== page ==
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After several years of steady decline in onshore wind turbine prices globally, projects which are expected to be completed in 2021 – 22 are set to drive some modest price increases into the global market.
 
The global market has seen a weighted average 6.41% per year reduction in prices over the past five-year period, but IntelStor’s Wind Turbine Price Index indicates the weighted average wind turbine price will increase 1.7% in 2020 to US$1.11 million / MW and another 3.15% in 2021 to US$1.15 million / MW. There is the potential for another increase of 10% leading towards 2022, but many projects which are scheduled for completion that year have yet to be confirmed and reach their final investment decision.
 
These increases are a result of a combination of factors including some commodity cost increases, tariffs on some major components such as permanent magnets as well as wind turbine towers, as well as a perceived reduction in the number of wind turbine suppliers as Senvion’s likely market exit looms.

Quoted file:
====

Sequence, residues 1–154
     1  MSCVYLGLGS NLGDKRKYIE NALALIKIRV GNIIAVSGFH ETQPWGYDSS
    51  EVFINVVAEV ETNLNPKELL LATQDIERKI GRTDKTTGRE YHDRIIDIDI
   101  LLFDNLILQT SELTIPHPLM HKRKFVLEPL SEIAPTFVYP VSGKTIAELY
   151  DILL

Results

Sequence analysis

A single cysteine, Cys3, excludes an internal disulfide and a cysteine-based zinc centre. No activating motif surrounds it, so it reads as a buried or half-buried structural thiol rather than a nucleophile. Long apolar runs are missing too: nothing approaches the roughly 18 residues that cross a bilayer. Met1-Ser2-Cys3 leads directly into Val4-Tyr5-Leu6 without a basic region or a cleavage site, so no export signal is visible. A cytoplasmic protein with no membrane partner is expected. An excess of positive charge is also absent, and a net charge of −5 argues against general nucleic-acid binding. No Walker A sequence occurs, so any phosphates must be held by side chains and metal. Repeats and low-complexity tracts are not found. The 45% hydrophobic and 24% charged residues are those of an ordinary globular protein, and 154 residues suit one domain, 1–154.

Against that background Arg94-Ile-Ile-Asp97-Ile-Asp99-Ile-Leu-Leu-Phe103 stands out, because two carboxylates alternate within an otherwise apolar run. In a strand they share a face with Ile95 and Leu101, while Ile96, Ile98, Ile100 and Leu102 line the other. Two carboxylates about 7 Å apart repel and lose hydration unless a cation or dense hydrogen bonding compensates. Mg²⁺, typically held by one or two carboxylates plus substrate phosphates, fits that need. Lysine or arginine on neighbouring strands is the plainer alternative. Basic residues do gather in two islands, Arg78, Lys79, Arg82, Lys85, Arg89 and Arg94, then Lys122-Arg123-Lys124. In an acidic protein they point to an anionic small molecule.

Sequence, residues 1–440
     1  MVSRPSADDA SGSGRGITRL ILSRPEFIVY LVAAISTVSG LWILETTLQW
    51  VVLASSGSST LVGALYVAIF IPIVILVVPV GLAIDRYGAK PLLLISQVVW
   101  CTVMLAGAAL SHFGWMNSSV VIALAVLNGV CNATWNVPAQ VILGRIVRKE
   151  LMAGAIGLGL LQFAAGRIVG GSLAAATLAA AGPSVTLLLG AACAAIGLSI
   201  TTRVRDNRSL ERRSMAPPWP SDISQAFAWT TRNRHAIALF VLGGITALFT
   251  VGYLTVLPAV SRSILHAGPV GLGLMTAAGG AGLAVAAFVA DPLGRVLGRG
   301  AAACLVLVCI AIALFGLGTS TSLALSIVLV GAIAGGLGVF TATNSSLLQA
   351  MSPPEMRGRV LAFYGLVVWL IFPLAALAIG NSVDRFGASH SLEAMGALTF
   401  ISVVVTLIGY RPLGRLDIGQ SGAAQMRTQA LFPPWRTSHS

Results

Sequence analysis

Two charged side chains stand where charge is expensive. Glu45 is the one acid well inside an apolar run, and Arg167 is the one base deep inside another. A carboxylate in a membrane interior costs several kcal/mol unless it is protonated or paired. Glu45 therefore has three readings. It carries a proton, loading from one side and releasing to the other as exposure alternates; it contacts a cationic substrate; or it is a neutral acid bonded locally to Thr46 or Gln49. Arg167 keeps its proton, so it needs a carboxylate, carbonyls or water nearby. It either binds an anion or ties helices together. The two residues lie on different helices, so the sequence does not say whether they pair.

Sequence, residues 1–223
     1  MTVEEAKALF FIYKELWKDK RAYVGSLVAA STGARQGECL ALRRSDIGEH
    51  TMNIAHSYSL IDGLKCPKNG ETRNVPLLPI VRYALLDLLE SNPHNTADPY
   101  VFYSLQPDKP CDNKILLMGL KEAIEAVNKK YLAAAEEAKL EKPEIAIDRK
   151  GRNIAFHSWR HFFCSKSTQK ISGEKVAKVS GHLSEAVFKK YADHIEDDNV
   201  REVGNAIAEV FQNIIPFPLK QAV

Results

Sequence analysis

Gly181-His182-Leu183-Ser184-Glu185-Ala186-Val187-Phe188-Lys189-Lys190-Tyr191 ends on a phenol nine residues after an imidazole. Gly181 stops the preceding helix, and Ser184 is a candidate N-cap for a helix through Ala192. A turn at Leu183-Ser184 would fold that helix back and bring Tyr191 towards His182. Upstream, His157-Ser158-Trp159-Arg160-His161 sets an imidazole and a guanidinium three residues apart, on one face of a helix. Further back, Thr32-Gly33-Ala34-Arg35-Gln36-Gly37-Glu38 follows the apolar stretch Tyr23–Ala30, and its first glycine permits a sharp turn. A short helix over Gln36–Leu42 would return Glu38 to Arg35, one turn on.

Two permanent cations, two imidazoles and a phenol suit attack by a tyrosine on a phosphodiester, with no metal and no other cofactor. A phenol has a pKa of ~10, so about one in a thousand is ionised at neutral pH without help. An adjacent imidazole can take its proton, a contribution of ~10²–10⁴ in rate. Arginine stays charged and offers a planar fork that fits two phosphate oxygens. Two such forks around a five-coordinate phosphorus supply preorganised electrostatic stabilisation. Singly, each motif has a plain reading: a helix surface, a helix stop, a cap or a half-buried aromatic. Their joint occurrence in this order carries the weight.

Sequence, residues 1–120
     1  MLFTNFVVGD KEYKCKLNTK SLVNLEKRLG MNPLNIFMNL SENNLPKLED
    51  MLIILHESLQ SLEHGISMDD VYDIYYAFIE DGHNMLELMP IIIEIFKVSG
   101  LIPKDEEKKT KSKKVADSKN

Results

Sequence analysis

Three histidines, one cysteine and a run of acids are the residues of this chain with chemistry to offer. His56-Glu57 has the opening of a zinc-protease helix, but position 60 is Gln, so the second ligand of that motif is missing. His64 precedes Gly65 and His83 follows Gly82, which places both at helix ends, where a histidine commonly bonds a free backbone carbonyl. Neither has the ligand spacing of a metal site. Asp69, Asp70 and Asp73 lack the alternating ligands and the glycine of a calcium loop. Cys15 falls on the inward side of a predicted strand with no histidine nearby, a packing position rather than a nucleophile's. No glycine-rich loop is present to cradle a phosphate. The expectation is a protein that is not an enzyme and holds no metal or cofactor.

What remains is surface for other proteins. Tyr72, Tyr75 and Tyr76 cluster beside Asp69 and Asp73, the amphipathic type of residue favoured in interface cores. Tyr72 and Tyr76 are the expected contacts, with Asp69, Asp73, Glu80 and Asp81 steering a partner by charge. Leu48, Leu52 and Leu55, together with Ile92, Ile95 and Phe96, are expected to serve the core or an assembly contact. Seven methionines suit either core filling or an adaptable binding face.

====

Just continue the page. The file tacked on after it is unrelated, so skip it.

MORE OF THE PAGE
Globally, the cost of towers is seeing an increase weighed down by import tariffs in the United States from several Asian countries. Additionally, permanent magnet costs have increased recently thanks to China withholding some supply to western markets as part of the ongoing trade dispute with the United States.
 
The Americas region will see some of the lowest prices globally, bottoming out at just over US$550k / MW in Brazil for a few projects. Contrary to popular belief, the Asia Pacific region will not be the lowest prices in the world, but they will see prices ranging mainly from US$1 million / MW to US$1.68 million / MW with a few outliers.
 
Africa and the Middle Eastern region will see some reductions from years past with the bulk of their projects coming in at US$1.0 million / MW to 1.25 million / MW. Europe will remain soft compared to the rest of the world with most onshore wind farm project sites at between US$750k / MW up to US$1.1 million / MW.
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